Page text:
Though there has been some protest over the launch of direct flights to the Communist nation, Maria said those with family in Cuba should be able to see relatives whenever possible.Under a U.S. trade embargo, tourist travel to Cuba from the United States has been prohibited. But in March, following the easing of travel restrictions by President Barack Obama, customs officials began allowing direct flights forapproved travelers from Tampa International Airport, and Fort Lauderdale-Hollywood and several others are following suit.
"A lot of people are against it, especially the people who do not have family over there," she acknowledged. "There's a 50-50 split here, and I believe that the people who do have family in Cuba are for it.
"I don't think the government should interfere, especially when we do have families that we haven't seen and we have been here not because we want to but because we have to for political reasons."
Airline Brokers Company Inc. is organizing the chartered flights, which are scheduled to depart on JetBlue every Saturday at 12:30 p.m.
An increase in the number of Cuba-bound flights from Fort Lauderdale is expected later this year.
"It's least expensive to travel from here," said ABC president Vivan Mannerud. "People who are going to visit their families are counting their pennies."
Saturday morning, the route's first passengers were treated to live music, cake, Cuban food, balloons, and other celebratory treats as they moved through the terminal.
"It's a happy day," Mannerud said. "We've been working on this for over a year."

My comment:

Granting a general license to Cuban Americans means in effect they have freedom to travel, as they should. 

Has Rep. Wasserman-Schultz embraced the greater convenience and business for her own constituents provided by the Ft. Lauderdale flights or is she siding with Rep. Diaz-Balart rather than the President and trying to stop them?

The President also granted general licenses to universities and religious organizations but has failed to do the same for IRS registered not-for-profit organizations which undermines his own goal and the viability of some of the new flights.

John McAuliff

Friday, September 16, 2011

Austin-Lehman Adventures Receives People to People License

Austin-Lehman Adventures to Open Tours to Cuba in 2012

September 14, 2011By: Jesse Uruchima
Austin-Lehman Adventures has announced it will host cultural/educational adventures to Cuba beginning early 2012. The company will has received a license from the U.S. Department of the TreasuryOffice of Foreign Affairs to promote cross-cultural, people to people contact through guided tours in Cuba.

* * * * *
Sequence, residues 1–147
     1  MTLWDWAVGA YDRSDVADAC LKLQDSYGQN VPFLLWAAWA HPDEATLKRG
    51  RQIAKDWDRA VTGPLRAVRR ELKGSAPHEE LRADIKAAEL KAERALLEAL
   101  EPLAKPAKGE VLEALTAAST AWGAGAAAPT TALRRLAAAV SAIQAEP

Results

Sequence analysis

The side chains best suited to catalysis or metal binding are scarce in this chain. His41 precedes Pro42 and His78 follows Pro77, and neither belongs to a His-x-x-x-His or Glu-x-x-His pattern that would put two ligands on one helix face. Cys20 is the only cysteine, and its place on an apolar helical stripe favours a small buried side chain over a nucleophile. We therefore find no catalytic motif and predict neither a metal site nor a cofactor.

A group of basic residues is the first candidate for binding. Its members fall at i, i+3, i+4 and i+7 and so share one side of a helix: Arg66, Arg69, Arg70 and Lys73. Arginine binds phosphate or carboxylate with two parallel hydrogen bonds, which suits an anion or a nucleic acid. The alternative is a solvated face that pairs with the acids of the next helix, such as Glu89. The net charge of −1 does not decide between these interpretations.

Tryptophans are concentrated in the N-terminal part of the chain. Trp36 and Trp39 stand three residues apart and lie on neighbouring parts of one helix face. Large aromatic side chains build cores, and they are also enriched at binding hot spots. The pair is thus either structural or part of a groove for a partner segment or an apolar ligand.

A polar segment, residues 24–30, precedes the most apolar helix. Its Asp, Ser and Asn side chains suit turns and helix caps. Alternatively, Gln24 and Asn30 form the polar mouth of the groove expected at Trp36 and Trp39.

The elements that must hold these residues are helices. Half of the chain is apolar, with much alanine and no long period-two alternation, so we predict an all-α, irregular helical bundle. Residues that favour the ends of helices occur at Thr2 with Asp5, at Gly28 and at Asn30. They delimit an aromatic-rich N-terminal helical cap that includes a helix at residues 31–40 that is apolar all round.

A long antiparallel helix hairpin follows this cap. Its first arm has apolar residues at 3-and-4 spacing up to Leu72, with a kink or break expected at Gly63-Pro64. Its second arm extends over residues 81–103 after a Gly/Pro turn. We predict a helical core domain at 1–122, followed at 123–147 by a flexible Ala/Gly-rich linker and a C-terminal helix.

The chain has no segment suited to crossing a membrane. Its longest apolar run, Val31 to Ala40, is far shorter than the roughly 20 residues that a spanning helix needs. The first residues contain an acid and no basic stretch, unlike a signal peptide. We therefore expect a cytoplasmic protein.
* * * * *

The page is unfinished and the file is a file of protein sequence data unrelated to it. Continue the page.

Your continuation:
Author of six books on Cuba, Christopher Baker worked hand-in-hand with Austin to create an itinerary exclusive to Austin-Lehman Adventures. Baker will lead many of the set tour departures along with other recognized experts in Cuba lifestyle and culture.
Dan Austin, founder and director of Austin-Lehman Adventures, said, “Because most Americans have been prevented from visiting Cuba since the US embargo in the 1960s, we are extremely curious about our neighbor just 90 miles to the south of Key West, FL. Our license will allow us to finally lift the veil and rediscover this destination that‚s been off-limits to Americans the past 50 years.” He also noted, “ (Cuba) fits well with our core goals of exotic/desirable destinations, easy access from the U.S., lots of activities, a distinct and colorful culture, a friendly and welcoming host population and opportunities to immerse travelers in authentic Cuban life including world-renowned music, cuisine, art and dance.”

Thursday, September 15, 2011

New Charter Flights to Cuba

The Miami Herald

Cuba travel set to take off as flight options expand


HATS OFF: Vivian Mannerud, president of Airline Brokers, Inc., laughs with Nildo Herrera, 75, of Hialeah as he explains that he's wearing five hats to take to his grandson and cousins as presents  before boarding a charter flight to Havana July 24  at Miami Internaional Airport in Miami.
John VanBeekum / Miami Herald
HATS OFF: Vivian Mannerud, president of Airline Brokers, Inc., laughs with Nildo Herrera, 75, of Hialeah as he explains that he's wearing five hats to take to his grandson and cousins as presents before boarding a charter flight to Havana July 24 at Miami Internaional Airport in Miami.
Vivian Mannerud has been in the business of arranging air charters to Cuba long enough to have seen it all — from the passengers who wear several hats on their heads to avoid extra baggage fees to the woman who stuffed sausages in her curlers. The grease running down her face was a giveaway.Since 1982, Mannerud, chief executive and founder of Coral Gables-based Airline Brokers Co., has transported Cuban families, as well as politicians, former political prisoners, athletes and humanitarian supplies, to and from the island. This pioneer in the Cuban charter business has seen the governments of Cuba and the United States shut down travel amid political tensions, and recalibrated her business as some U.S. presidents allowed more travel and others pared it down.